Webster dictionary defines Ethics as: The rules or standards governing the conduct of a
person or the members of a profession. There are many governing bodies exerting
control and influence over the business community. These institutions vary from
government based (SEC) to professional self-governing institutions (Professional
Engineers of Canada). There are also international governing bodies that can impose
rules and standards of conduct. However, the level of influence over businesses beyond
national boarders greatly varies.
My argument is broken down to 2 parts. First, ethical conduct varies from one
environment to another. Second, lack of a strong international governing body with
international reach makes ethical decisions secondary to profitable financial choices.
The general nature of morals and specific moral choices are at the core of ethical
decisions. This is where things get complicated. Depending on the individual or even
cultural perceptions a choice may be viewed as ethical by some and unethical by others.
One man's terrorist is another man's freedom fighter.
I think financial managers view choices based on their impact on the business. It is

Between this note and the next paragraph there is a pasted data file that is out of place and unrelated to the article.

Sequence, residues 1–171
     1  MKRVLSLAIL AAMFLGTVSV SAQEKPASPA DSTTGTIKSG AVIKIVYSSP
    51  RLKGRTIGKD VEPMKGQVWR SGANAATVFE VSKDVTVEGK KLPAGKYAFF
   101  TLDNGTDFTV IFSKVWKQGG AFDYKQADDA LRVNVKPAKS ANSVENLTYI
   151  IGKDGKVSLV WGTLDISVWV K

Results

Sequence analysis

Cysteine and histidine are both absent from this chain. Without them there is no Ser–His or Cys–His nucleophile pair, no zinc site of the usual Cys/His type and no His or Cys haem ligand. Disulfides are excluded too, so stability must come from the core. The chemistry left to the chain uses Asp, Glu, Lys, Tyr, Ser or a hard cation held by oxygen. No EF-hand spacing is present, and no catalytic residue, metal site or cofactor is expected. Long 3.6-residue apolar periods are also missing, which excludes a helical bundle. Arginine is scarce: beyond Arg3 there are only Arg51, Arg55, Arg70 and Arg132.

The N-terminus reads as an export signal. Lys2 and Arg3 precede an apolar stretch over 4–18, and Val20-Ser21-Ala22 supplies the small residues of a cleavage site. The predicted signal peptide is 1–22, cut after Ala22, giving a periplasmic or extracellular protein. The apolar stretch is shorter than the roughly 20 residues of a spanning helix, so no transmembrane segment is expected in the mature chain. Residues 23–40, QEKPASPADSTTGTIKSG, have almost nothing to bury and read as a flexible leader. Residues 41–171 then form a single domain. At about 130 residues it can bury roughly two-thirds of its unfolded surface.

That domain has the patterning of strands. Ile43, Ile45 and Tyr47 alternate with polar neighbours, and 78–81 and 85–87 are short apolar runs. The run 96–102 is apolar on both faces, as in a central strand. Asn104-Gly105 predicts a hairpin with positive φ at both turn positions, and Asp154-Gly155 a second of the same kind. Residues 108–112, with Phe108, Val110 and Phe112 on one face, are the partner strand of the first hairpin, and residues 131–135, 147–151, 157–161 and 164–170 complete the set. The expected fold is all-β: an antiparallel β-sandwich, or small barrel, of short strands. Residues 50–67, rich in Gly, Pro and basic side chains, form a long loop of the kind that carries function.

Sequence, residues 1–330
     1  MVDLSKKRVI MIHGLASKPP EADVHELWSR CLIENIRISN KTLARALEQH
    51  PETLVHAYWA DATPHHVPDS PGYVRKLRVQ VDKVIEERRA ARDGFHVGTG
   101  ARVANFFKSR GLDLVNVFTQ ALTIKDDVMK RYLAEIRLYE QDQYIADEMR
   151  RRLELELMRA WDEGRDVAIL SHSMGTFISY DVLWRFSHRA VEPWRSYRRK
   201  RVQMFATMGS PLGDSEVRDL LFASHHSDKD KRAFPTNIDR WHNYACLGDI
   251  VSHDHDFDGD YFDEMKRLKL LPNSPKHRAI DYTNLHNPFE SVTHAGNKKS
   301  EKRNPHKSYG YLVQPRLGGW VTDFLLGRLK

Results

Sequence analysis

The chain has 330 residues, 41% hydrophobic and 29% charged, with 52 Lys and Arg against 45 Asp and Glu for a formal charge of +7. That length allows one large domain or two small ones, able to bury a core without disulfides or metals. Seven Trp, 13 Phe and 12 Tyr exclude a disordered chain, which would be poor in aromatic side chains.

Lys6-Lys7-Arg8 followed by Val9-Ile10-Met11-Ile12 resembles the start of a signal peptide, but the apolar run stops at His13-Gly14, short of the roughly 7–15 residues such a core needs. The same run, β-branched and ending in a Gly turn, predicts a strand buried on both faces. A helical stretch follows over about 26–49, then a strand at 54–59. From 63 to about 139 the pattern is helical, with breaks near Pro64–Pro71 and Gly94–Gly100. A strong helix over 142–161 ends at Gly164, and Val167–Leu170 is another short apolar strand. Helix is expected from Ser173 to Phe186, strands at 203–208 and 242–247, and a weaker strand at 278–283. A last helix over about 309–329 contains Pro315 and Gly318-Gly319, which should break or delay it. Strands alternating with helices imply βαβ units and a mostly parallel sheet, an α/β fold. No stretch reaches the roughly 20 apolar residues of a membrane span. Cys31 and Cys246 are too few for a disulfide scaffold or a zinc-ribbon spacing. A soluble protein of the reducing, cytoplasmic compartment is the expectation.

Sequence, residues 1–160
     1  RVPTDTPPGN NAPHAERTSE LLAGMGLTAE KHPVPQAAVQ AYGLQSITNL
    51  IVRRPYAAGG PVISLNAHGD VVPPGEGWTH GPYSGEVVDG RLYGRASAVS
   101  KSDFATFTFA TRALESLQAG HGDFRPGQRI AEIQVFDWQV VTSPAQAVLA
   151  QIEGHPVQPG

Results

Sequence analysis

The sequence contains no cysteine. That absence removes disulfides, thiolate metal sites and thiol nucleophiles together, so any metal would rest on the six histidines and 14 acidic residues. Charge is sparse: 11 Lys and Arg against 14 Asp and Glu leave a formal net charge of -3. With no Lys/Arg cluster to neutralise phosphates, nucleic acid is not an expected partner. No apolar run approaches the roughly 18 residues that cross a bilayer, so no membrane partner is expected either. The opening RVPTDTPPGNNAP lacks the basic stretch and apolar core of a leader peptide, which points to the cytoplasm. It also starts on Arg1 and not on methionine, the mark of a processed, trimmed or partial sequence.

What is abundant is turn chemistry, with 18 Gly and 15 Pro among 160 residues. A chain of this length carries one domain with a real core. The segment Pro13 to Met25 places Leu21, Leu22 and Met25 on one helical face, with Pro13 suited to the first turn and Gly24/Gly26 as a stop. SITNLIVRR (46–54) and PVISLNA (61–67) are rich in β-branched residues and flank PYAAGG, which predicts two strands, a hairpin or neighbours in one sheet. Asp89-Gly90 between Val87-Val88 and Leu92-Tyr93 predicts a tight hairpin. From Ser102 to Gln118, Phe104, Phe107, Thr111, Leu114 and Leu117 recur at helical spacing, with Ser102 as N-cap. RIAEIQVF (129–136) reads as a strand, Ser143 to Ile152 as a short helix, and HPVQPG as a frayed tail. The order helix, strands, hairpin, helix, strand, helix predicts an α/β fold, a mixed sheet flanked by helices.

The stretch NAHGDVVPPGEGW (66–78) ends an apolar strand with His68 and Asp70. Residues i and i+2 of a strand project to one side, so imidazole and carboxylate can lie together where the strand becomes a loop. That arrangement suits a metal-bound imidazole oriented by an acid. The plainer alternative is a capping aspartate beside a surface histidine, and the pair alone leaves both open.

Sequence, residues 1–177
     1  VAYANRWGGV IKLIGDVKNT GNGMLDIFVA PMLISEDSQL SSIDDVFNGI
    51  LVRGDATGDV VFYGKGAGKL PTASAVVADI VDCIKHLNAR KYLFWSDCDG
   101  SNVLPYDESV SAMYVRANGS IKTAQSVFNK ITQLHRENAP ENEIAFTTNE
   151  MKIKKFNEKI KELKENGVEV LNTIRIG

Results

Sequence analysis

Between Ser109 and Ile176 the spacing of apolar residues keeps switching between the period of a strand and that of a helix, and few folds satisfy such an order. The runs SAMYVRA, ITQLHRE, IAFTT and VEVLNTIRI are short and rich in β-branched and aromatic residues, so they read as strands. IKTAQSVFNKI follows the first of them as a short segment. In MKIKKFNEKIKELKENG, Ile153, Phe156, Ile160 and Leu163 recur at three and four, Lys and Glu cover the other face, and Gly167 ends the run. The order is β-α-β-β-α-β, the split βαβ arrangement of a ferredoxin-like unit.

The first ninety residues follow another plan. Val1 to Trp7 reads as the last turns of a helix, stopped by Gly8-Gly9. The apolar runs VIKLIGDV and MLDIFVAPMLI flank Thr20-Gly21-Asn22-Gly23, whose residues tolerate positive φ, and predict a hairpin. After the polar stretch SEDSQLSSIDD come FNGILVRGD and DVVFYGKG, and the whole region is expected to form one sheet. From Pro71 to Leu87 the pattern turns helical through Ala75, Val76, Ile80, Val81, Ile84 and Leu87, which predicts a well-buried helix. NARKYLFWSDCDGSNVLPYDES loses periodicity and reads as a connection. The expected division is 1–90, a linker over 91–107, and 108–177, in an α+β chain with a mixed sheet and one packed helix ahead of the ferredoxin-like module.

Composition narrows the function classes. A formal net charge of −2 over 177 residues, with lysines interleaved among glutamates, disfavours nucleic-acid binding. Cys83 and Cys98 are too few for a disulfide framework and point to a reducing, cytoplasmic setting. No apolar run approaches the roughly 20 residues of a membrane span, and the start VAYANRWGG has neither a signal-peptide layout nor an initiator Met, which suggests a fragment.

simply a balance of gains and losses. Ford's decision to sell Pintos, knowing a rear
collision can cause an explosion was a financial choice that meant settling claims was
cheaper than recall or discontinuation of production. Companies will also correct their
unethical conduct only if it is damaging their reputation and/or bottom line. An example
of this was Nike's child labour accusations in Asia.
Other way to control ethical conduct is through government regulation. However, many
would argue if this approach is the answer to ethical conduct. Most will agree that murder
is unethical, yet there is Capital punishment. In conclusion, I see corporate ethics as
situational and not global. It is the consequences of their decisions that determine their